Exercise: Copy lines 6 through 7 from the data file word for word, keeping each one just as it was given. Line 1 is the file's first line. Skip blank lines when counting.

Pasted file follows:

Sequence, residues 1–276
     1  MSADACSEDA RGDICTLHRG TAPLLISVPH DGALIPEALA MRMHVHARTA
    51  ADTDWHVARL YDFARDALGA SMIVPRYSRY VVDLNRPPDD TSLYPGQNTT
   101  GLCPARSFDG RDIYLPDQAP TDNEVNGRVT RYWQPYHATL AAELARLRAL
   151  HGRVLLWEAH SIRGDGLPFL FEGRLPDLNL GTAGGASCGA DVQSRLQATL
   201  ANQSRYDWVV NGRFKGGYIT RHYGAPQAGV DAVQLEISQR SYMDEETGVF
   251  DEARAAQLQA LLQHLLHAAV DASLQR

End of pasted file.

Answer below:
   201  ANQSRYDWVV NGRFKGGYIT RHYGAPQAGV DAVQLEISQR SYMDEETGVF
   251  DEARAAQLQA LLQHLLHAAV DASLQR